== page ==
Genetic information can not only identify individuals but also create stigmas, issues relevant to those affected by conflicts or disasters as personal information could be used against them. In addition to the type of data collected, the study designs for genetic research are also quite complex and may not have an immediate, beneficial impact on the affected population since most are for the purpose of collecting foundational knowledge. In fact, the lack of benefit to the immediate needs of disaster survivors from genetics research is a concern noted by participants, particularly following acute emergencies. These concerns often impact perceptions and increase suspicions about genetic studies in disasters or with populations affected by disasters. While the importance of privacy and confidentiality are perennial issues (see Biological Sample Study), other ethical considerations of this methodology should include:
Consent: It is challenging to understand the technical workings of genes and genetics in a non-emergency setting, yet the instability of disasters exacerbates this challenge. There may also be language barriers, or participant languages may not have the concepts or words to describe genetics. The consent process must be robust and longitudinal. For this reason, it may be beneficial for potential subjects to participate in focus groups, interviews, or other community engagement activities prior to commencing a genetic study.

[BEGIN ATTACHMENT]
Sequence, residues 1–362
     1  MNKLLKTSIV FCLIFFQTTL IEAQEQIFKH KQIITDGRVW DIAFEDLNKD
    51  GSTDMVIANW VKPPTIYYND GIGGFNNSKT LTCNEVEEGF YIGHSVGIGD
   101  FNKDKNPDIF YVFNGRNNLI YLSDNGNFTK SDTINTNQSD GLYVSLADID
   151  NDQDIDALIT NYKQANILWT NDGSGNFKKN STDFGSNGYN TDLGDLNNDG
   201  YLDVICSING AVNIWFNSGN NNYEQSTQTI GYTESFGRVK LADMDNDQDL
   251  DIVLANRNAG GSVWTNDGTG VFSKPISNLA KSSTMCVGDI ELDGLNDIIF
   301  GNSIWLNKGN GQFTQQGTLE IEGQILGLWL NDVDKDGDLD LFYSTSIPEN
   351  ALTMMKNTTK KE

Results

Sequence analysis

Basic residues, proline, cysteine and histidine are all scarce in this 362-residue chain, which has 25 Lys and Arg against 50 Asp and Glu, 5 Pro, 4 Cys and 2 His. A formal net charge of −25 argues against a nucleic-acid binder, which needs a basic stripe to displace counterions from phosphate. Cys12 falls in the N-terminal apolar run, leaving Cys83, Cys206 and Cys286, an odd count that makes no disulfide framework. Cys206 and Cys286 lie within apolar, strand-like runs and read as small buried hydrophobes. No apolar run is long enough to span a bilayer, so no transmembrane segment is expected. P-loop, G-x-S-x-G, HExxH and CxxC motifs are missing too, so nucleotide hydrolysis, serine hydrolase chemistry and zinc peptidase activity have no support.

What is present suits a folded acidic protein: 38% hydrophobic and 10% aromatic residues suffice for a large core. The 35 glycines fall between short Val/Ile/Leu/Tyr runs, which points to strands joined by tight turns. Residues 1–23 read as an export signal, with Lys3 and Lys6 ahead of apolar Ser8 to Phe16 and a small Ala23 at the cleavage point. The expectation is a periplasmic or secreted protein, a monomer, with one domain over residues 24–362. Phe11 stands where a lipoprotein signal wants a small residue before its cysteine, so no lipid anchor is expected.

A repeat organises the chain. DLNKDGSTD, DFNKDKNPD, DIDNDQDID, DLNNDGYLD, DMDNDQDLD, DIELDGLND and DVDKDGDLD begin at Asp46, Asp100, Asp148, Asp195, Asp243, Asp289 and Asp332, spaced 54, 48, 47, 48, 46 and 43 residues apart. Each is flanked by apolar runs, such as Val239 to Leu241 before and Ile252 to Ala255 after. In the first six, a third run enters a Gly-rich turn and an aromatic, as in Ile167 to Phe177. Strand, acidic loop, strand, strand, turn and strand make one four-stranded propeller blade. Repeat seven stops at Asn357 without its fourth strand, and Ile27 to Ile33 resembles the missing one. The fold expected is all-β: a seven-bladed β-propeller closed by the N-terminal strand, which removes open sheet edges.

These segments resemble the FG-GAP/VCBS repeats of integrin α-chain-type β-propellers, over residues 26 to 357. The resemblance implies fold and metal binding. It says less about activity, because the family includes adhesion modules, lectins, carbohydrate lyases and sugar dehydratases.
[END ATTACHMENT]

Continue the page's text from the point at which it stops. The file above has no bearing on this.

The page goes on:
Social value: Because it collects private, identifiable information for , genetic research is susceptible to misunderstanding and mistrust and participants may question its social value. One question researchers should consider is, in places where disaster has severely impacted healthcare resources and infrastructure, can genetic research studies afford the needed professionals, or would those resources be better spent toward disaster-related care?
Sharing results and future uses: The benefit of having personal genetic results returned to participants is contested and not always well understood. Researchers should work carefully to understand the cultural implications of genetic knowledge and respect the wishes of those whom they collect data from.
Population: Researchers should consider any disparities or possible vulnerabilities in the group to be studied. Genetic research with immigrants, minorities, and IDPs from ethnic group may be challenging, not only because of the information but also because. Historical reports of pharmaceutical companies financially profiting from the genetic data of minorities has also led to research abuse and increased mistrust of genetic research.
Which of the following are features of your study?